Stacy Lyn and Norm took a trek east of Paris to the placid province of Lorraine.
It was bitterly cold – uncommonly so – but the goal was worth braving the elements:
to visit the Meuse-Argonne American Cemetery.
In this region, the badly outnumbered and surrounded Lost Battalion fought valiantly – to their own peril –
and held back the Germans for six days in the Argonne Forest.
This valorous battalion was led by Major Charles Whittlesey.
Only 194 of the roughly 550 men were rescued by reinforcements,
Whittlesey among them, though he lost the battle against the demons who haunted him after the war.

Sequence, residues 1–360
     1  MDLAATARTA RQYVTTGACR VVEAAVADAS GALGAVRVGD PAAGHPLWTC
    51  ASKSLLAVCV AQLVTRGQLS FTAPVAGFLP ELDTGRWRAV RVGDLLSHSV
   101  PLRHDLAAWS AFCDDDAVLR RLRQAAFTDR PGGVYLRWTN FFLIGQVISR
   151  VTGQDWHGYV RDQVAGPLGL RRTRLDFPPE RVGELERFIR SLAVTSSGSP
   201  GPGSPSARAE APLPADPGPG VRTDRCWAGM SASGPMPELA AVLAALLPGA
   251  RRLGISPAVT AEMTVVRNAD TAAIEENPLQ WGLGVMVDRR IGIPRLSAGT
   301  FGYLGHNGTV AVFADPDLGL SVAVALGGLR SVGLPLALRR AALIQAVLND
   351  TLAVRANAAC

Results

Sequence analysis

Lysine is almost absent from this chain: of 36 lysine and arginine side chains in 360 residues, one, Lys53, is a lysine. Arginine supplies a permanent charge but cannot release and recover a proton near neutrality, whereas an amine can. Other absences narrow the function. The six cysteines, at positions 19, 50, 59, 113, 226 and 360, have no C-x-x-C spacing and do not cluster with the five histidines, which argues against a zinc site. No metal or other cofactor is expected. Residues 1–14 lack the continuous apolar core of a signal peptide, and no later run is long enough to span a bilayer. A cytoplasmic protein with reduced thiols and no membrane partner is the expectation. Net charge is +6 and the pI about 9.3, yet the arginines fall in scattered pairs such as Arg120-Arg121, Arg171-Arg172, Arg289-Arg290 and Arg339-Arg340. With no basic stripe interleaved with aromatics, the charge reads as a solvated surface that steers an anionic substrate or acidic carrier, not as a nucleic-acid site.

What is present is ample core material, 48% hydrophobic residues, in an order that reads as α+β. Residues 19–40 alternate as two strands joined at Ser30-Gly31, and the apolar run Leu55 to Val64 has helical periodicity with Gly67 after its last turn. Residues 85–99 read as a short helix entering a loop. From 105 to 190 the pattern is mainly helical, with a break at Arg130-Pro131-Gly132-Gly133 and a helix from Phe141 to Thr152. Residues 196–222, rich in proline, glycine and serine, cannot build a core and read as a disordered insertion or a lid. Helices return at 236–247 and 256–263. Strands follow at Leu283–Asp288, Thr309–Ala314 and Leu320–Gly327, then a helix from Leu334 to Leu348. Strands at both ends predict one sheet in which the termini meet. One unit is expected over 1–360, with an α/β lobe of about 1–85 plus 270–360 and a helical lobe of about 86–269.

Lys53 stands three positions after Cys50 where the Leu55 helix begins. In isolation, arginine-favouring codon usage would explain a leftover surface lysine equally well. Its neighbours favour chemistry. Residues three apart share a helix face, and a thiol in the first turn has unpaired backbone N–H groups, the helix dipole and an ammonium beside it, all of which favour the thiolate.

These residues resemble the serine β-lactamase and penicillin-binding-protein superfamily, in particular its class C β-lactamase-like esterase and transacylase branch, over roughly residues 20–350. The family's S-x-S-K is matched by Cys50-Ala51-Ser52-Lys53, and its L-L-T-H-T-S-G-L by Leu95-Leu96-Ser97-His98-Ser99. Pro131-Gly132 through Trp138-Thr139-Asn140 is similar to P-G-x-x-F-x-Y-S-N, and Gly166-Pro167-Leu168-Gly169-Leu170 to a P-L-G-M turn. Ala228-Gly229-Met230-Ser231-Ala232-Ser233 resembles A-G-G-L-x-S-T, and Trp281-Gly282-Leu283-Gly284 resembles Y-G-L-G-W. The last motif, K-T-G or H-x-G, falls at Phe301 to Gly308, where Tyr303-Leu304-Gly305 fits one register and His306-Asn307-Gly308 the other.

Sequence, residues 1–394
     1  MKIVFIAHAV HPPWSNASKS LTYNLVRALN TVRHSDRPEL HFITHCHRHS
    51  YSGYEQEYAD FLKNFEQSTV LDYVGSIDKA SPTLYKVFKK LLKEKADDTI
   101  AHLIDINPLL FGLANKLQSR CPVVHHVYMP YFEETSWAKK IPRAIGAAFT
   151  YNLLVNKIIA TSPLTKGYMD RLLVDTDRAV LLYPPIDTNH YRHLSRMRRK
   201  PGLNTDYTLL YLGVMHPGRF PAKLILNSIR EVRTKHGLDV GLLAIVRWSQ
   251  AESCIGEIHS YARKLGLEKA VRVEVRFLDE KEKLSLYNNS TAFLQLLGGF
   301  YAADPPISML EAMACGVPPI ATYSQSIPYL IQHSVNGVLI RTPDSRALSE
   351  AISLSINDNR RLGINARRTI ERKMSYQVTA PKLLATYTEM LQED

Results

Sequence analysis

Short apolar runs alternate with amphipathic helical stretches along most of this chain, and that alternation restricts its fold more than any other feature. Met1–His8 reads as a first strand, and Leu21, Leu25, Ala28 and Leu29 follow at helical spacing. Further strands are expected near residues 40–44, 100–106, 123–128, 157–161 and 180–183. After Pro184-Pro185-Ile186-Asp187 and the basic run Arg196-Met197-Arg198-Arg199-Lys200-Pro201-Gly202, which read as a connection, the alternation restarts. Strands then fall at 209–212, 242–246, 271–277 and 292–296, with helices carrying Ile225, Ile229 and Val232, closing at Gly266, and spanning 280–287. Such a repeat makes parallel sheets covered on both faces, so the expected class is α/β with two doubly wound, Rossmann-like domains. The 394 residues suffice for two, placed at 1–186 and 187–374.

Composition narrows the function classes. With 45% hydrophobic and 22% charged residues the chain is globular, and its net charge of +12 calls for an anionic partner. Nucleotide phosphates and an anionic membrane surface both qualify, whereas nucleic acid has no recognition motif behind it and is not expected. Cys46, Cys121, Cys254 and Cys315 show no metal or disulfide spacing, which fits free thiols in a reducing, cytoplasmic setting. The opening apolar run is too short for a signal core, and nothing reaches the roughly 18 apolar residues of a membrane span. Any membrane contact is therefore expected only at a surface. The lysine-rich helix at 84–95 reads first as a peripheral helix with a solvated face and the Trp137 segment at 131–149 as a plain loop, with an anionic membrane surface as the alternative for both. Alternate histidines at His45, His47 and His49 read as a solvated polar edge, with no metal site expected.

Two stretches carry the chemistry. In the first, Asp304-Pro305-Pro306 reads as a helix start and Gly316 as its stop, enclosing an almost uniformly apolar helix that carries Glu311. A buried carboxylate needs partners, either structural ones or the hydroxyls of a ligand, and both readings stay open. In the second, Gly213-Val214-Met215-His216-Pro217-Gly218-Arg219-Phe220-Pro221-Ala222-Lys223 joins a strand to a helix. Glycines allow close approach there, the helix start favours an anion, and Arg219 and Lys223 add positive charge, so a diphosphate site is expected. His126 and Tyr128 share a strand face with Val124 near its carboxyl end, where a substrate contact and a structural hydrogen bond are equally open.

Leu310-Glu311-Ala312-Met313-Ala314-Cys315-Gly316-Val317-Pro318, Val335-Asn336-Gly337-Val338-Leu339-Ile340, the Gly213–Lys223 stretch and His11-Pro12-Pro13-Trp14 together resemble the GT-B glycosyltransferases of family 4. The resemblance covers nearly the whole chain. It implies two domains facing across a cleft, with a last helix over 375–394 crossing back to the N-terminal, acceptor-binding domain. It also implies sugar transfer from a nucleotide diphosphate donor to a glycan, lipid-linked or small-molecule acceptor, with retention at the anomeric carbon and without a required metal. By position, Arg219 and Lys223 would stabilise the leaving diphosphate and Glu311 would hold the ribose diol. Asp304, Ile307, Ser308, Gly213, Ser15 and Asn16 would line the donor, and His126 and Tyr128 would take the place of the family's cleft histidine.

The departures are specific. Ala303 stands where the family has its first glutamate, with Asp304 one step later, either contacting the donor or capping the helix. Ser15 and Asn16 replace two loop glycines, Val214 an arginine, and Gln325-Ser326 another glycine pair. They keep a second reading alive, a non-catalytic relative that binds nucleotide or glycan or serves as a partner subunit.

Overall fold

He disappeared on a cruise ship in 1921 and is presumed to have taken his own life.
A heartbreaking end to a hero’s story.
Though the actions of the Lost Battalion are well-known,
countless other soldiers lie in silence, their heroism known by few, if any.
Once such soldier is Frank Kane.
He died fighting for liberty in a foreign country, yet his story lies hidden in the earth with him.
But Norm’s friend had an uncle who fought side-by-side with Frank.
This soldier was never able to visit his comrade in arms, and when Norm’s friend found out that he and Stacy Lyn were to visit Meuse-Argonne,
he asked Norm to take a picture and say a prayer for his uncle’s friend.
It was an honor to do so.